3 Changes to Make Aging-in-Place a Reality for Seniors

As America’s aging population continues to grow so too do the demands on local communities to meet that population’s changing health care needs.

“There’s a real push for people not to be in nursing homes unless they absolutely have to be,” said Robyn Golden, director of health and aging at Rush University Medical Center, during the National Healthcare Innovation Summit on Wednesday in Chicago. “People don’t want to live in institutions.”

But many aging Americans face significant challenges when trying to remain in their homes, including homes that cannot support their changing health needs, burned-out family caregivers and a lack of community services. At the same time, those challenges also present opportunities for communities to adapt and promote aging in place, industry leaders said.

“People say they want to age in place, but really they want to age in community,” said Dr. Paul Tang, vice president and chief innovation and technology officer at Palo Alto Medical Foundation.

Modify the Home

Older Americans often leave their homes because it lacks necessary modifications to meet their health care needs, Golden said.

“We’re spending more [to place them] in a nursing home when all we had to do was modify their home,” she said. “If we put home modification in a [home-based community service budget] we could show the impact of cost savings compared to being institutionalized.”

Housing is a critical component of senior wellness, said J. Thomas Briody, president and chief executive officer of the Institute on Aging.

The Institute on Aging is piloting a program to help transition people in skilled nursing who “don’t belong there and those at risk of being in skilled nursing” following release from a hospital into the home, Briody said, noting the programs also include other services such as transportation and groceries.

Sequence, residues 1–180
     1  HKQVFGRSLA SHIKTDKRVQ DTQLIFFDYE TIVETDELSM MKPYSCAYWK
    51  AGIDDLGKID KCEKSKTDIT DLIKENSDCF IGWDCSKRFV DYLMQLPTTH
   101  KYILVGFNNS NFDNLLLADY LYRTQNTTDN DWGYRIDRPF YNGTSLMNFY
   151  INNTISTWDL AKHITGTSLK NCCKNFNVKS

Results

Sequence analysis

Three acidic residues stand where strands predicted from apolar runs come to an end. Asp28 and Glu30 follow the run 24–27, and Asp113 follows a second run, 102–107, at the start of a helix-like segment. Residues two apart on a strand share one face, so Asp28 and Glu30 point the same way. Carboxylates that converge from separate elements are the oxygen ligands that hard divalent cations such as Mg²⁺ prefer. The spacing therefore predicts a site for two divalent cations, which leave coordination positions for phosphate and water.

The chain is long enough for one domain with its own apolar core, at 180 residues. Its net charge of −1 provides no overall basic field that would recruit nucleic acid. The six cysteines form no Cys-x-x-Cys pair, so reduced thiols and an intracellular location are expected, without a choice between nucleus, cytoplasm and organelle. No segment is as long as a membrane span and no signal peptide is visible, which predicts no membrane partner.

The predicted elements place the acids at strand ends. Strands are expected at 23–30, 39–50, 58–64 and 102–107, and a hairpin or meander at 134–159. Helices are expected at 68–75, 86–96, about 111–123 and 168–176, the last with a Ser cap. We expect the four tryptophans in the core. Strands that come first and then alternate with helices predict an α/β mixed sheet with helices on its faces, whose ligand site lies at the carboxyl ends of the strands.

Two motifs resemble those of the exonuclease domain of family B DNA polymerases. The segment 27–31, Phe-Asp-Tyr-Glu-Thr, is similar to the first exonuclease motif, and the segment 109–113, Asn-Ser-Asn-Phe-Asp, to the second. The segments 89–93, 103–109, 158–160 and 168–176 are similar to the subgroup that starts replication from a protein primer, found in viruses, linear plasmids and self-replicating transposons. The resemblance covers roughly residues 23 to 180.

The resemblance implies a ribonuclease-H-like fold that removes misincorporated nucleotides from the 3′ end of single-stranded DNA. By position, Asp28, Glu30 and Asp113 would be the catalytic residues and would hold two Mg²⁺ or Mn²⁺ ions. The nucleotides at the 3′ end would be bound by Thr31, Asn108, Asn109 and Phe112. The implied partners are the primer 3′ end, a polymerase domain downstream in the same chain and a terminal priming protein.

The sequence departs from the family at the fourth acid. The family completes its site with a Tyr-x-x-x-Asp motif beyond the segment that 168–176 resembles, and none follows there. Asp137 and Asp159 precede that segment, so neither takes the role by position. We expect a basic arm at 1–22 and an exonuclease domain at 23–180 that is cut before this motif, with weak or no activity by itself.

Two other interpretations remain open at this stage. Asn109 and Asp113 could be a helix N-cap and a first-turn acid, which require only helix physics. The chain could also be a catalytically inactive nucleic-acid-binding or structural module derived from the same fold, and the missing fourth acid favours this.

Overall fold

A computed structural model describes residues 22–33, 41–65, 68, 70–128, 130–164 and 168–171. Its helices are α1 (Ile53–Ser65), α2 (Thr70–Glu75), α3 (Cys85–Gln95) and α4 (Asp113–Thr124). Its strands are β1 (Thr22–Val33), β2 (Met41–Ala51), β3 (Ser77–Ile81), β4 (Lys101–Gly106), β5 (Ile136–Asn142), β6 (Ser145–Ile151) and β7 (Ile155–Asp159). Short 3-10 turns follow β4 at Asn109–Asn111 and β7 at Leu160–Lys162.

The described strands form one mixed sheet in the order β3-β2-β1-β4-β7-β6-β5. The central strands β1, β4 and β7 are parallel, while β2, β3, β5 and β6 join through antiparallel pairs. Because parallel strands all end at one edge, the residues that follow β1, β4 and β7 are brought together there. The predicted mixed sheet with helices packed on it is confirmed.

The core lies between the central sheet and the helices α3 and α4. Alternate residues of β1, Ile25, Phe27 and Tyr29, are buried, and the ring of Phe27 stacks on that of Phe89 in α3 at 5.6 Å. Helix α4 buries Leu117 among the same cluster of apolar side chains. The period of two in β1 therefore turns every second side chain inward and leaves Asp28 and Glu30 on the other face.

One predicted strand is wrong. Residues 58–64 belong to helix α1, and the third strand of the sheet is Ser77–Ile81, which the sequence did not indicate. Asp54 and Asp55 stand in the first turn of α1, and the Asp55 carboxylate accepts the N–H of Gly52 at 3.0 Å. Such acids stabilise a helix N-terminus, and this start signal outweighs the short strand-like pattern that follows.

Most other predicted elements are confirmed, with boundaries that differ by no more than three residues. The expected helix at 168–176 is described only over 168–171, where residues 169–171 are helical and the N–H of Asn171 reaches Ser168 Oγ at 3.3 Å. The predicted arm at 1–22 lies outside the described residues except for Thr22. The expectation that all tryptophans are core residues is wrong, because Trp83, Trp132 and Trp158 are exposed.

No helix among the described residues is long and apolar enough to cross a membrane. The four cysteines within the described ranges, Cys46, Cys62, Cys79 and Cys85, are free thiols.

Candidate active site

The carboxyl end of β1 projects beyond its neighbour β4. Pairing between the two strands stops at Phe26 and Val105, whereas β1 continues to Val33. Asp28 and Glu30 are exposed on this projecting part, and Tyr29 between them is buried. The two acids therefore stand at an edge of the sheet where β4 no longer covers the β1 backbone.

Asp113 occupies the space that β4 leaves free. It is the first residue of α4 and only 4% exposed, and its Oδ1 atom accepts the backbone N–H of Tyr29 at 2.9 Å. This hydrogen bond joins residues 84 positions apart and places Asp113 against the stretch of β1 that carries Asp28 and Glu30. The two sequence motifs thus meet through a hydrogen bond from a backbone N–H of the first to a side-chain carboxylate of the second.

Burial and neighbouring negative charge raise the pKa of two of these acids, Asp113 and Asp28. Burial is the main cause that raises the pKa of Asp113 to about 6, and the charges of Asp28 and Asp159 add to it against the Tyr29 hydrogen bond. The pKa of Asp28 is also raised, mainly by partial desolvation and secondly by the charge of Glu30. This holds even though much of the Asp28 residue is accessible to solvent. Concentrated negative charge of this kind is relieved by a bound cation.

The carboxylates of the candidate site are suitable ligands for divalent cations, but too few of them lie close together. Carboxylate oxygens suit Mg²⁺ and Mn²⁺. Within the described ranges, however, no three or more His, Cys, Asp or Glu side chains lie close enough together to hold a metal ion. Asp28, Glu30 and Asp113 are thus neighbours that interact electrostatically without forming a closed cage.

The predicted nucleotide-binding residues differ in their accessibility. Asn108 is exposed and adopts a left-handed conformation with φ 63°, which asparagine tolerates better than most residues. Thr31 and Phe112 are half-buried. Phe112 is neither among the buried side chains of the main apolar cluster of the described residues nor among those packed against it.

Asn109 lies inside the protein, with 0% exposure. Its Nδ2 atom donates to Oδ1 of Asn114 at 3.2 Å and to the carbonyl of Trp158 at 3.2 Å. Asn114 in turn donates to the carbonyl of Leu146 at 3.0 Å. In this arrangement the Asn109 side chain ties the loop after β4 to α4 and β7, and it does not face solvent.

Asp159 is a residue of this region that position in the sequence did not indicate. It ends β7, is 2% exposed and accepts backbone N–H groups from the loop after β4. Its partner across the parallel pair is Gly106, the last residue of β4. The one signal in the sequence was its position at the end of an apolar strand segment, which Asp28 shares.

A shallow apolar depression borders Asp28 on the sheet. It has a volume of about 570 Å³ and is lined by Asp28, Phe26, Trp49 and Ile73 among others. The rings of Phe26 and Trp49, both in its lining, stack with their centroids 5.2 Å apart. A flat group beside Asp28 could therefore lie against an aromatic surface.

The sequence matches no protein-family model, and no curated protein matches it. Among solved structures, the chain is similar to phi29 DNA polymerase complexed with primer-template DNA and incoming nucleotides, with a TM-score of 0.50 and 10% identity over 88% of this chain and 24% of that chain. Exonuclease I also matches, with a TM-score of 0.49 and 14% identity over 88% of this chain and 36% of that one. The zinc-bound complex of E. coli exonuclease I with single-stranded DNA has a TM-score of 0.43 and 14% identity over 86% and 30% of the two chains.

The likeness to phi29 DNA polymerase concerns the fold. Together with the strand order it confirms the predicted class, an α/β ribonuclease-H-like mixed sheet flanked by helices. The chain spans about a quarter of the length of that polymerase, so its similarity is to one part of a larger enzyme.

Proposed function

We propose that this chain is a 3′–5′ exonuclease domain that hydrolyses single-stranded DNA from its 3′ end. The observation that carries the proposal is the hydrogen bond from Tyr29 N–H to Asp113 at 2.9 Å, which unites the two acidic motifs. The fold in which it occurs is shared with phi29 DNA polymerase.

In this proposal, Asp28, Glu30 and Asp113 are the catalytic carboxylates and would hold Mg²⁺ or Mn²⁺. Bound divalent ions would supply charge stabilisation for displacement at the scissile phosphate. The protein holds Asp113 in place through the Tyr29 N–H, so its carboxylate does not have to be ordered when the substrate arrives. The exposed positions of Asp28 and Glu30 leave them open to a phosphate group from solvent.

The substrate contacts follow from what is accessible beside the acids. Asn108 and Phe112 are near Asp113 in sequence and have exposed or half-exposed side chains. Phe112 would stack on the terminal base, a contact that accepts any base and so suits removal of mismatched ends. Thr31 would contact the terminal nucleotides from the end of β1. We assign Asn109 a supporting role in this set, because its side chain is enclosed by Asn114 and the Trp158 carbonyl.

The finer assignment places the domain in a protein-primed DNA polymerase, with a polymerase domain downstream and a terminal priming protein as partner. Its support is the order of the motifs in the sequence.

“We’re talking about millions of potential dollars saved each year and transforming a person’s life,” he said. “This is just a glimmer of what the future can be.”

Support Family Caregivers

The No. 1 challenge for caregivers is knowing where to go to get the supports they need, Briody said, citing a recent program involving caregivers in California’s Bay Area.

“There is a vast array of services,” he said. “But how do they find it? How do they pay for it?”

Without much-needed supports, the health of caregivers themselves can derail, creating a larger population health care concern.

“We do not have a long-term care policy in this country,” said Golden. “The closest thing we have are family caregivers, who are often times compromising their careers and finances. They’re depressed.”

Reaching family members before all resources are exhausted is key, Golden said.

Provide Community Services

Ultimately, community service organizations need to recognize the role they can play in both supporting caregivers and providing care beyond a hospital’s walls.

“The team of care for a hospital patient is not within the four walls,” Golden said.

Communities can’t rely on federal social services to address all of its residents’ needs, Tang said.

“We need to tap into what’s already there,” Tang said, naming churches, temples, senior centers and organizations such as the YMCA as examples of places for aging residents to find resources.

Acute care should be the exception, Briody said.

“The hospital should be where you go when everything in the community cannot support you,” Briody said. “That’s the fundamental change — we need to look at preventative and post acute care in a new light.”

Written by Cassandra Dowell